Cal (calanthe_b) wrote in hp_essays,

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Hermione essay.

Hi, all! This is my first post here; I wrote this essay in my own journal some time ago, and a couple of people including eilanhp suggested that I post it again here, so here it is, in a slightly rewritten, less ranty form...

Since the publication of Order of the Phoenix, I've seen far too many facile and inexplicably hostile discussions of Hermione--it seems that now the poor girl can't do anything without it being the springboard for a lot of hostile criticism. I wrote this essay in response to something I read on, I think, a friend's friendspage, in response to the, to me, incomprehensible claim that Hermione's Christmas gifts to Ron and Harry in OP somehow show that she is the one who has the 'emotional range of a teaspoon', because they're thoughtless...

Needless to say, I disagree. I think the Christmas gifts are a very interesting element of OP, if a minor one, and Hermione's are the most interesting of the lot. And I think there's a great deal of thought indeed--if most of it subconscious--behind those gifts.

Harry's Christmas gifts in OP are personalised. He's drawn on his knowledge of character and interests to find things he thinks people will like--Arthur Weasley's plugs and fuses, for example. His gift to Hermione is the same. He's obviously been paying enough attention to her interests to either register the name of a book she has said she wants, or be able to work out that New Theory of Numerology is the sort of book she'd be interested in based on other information--and he cares enough to get it.

Ron's present to Hermione is, awkwardly, at one and the same time depersonalising and intrusively personal. It's depersonalising because it reduces Hermione to the status of Generic Girl (Qu: What do you get A Girl for a present? Ans: Flowers, chocolate, perfume). It's intrusively personal because it makes a groundless claim that Ron and Hermione have the sort of relationship in which someone can give another person one of those generic gifts and have to be a real gift. It imposes a kind of pressure to respond to that claim.

Hermione's gifts to Harry and Ron, on the other hand, are mostly impersonal, but not thoughtlessly so. They're impersonal for a reason: whether consciously or otherwise, they sending a message.

In an odd way, the enchanted diaries Hermione gives Harry and Ron stand in for Hermione herself. They represent what she appears to see as her function within the Trio--organisation, the provision of knowledge, reinforcing the value of schoolwork, and chivvying the boys into keeping up to standard. Or perhaps, more accurately, they represent the role she feels that the boys cast her in, because the gifts contain no overt element of her intense care for them (manifested in, for example, her welcome hug and her shattered relief at Harry's acquittal, her insistence throughout the book at standing up to a furious Harry despite her well-established dislike of conflict, her matter-of-fact gentleness in response to Ron's distress over Percy's letter)...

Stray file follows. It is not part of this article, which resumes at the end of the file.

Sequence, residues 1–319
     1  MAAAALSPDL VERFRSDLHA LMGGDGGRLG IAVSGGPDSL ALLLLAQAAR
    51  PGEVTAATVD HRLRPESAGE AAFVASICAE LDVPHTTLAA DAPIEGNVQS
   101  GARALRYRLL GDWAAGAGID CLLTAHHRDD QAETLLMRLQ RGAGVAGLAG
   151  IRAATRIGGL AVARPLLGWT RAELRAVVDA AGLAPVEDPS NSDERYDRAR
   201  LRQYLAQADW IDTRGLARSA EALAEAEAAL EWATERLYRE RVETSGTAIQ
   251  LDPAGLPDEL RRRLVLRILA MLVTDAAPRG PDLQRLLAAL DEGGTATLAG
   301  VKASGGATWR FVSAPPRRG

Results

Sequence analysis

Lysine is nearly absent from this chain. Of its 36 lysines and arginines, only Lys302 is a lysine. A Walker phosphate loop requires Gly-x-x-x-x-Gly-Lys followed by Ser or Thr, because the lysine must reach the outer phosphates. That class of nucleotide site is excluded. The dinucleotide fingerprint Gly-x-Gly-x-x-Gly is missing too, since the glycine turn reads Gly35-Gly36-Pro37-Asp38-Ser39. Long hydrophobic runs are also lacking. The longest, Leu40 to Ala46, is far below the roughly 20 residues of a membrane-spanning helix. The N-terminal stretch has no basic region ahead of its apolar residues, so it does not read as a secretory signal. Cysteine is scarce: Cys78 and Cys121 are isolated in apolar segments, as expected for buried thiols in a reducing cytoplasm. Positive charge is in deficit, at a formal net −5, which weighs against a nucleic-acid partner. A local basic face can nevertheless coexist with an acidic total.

And they are identical. Combined with the fact that the gift represents Hermione herself, they therefore constitute a very direct statement that Hermione considers her relationships with the two boys to be identical in kind--no closer than friendship and concern--and that she wants them to stay that way.

So, impersonal, yes--whether deliberately or subconsciously chosen to be so. Thoughtless, no. As to proving that Hermione is the one with the 'emotional range of a teaspoon', the mere fact that she feels the need to give a gift like this when in the past she has given highly personalised gifts (Harry's broomstick-servicing kit, for example) signals that she is, at some level, aware of pressure from the boys (Well. Okay. From Ron.) to differentiate between her relationships with the two of them, and is uncomfortable with it, and is trying to find an indirect but unmistakeable way to signal that she has no intention of doing so. Once again, in the emotional stakes, she's actually streets ahead of them. For starters, she's aware enough of her own feelings not to let herself be pressured into doing something that the book spends a lot of time making it clear to us that she doesn't want to do, just because she's a girl and it's what girls, in life and in literature, are supposed to do.

Well, there it is--I hope you find it interesting...
Tags: characters:hermione granger

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